Creating snazzy PowerPoint presentations is a skill that can skip you up a rung or two on the career ladder. Though the program offers a ton of features for creating presentations, not all of them are obvious or intuitive.
I’ve designed many PowerPoint presentations over the years for different organizations and companies. These are my favorite PowerPoint tricks that can help you become more adept at creating awesome presentations. (Please note that some of these PowerPoint tricks may only work on the desktop version.)
1. Customize the Home ribbon
There’s bound to be some PowerPoint commands you use more often than others. Some will be buried beneath a burdensome number of clicks, which can slow down your PowerPoint workflow.
Happily, it’s easy to put your most-used PowerPoint commands front and center. Simply customize your ribbon to change up your ‘Home’ tab, and your favorite commands will be just a click away.
The ribbon is the horizontal area running across the top of your PowerPoint screen. The ribbon has a series of tabs, and the one on top is the ‘Home’ tab. You can customize any tab on your ribbon (except for ‘File’), and add, delete, group, and change the order of the commands shown on each tab. That way, your customized ribbon and tabs—and your favorite commands—will be there every time you open PowerPoint on your computer.
You can also customize the Quick Access Toolbar. Though it’s a smaller area and holds fewer, tiny icons, it’s another handy space to make commands easier to access.
2. Always start with a Slide Master
If you’ve ever found yourself applying the same changes to slide after slide, it’s time to get familiar with Slide Masters.
A Slide Master uses a template to automatically set and arrange the text, colors, backgrounds, objects, placeholders, and other design choices you’ll use in all the slides in your PowerPoint presentation. In one Slide Master, you’ll get a variety of preset slide layouts to choose from when you’re ready to add a new slide. If you ever want to change how something looks on multiple slides, you edit the Slide Master once and all the slides that use that design will change.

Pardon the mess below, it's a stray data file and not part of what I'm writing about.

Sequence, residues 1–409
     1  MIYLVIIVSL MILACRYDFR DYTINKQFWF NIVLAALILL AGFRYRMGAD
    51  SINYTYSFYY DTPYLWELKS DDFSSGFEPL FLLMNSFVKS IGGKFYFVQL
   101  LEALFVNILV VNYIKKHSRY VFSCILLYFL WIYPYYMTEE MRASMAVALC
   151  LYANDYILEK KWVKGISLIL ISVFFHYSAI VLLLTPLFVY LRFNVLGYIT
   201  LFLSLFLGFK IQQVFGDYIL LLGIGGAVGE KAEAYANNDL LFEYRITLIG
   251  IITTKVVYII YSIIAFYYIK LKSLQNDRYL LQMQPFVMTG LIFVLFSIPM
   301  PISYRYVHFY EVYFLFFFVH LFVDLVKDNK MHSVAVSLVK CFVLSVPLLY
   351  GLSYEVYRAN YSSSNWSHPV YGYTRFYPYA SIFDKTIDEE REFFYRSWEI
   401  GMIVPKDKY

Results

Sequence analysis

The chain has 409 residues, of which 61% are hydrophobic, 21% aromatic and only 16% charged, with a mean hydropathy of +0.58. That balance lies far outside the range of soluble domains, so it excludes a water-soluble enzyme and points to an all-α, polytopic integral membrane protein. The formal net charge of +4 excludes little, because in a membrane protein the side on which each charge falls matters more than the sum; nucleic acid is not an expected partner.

Before typing a single word into a new PowerPoint presentation, be sure to choose a Slide Master you like. Your presentations will be more consistently designed and less frustrating to create.
You don’t need to create your own Slide Master or customize slide layouts, though you can if you’re the creative type. PowerPoint offers lots of templates for free. You can find them in the Presentation Gallery that’s shown when you first open PowerPoint. Or go to File > New > and then enter a keyword in the box shown to find one that meets your needs.
3. Keyboard shortcuts
Keyboard shortcuts eliminate mouse clicks entirely, which can be a relief for your wrists. You’re probably familiar with basic Microsoft Office keyboard shortcuts like Ctrl+B to bold, Ctrl+I to italicize, Ctrl+C to copy, and Ctrl+V to paste. PowerPoint has a glut of other keyboard shortcuts that can make designing presentations even more efficient.
Here are a few keyboard shortcuts worth memorizing. With a little practice, they quickly become second nature.
If a keyboard shortcut requires you to press two or more keys at the same time, they’re separated by a plus sign (+). If you have to press one key right after the other, they’re separated by a comma (,).
- Alt+H: Go to the Home tab
- Page Down: Go to the next slide
- Page Up: Go to the previous slide
- Alt+H, I: Add a new slide
- Alt+H, L: Change the layout of the current slide
- Alt+N, P: Insert a picture
- Alt+H, S, and then H: Insert a shape
- Ctrl+Shift+Right Angle bracket (>): Increase the font size
- Ctrl+Shift+Left Angle bracket (<): Decrease the font size
- B: While presenting, display a black slide, or return to the presentation from a black slide
- W: While presenting, display a white slide, or return to the presentation from a white slide
- F5 or Alt+S,B: Start the slide show
- Esc: End the slide show
For even more, check out Microsoft’s list of PowerPoint keyboard shortcuts to create a presentation and to deliver your presentation.
What are your power-user PowerPoint tricks? Share your favorites in the comments.
Lauren Girardin is a marketing and communications consultant, writer, and speaker based in San Francisco. She helps organizations and do-gooders engage their communities and tell their stories. Her website is laurengirardin.com and you can connect with her on Twitter at @girardinl.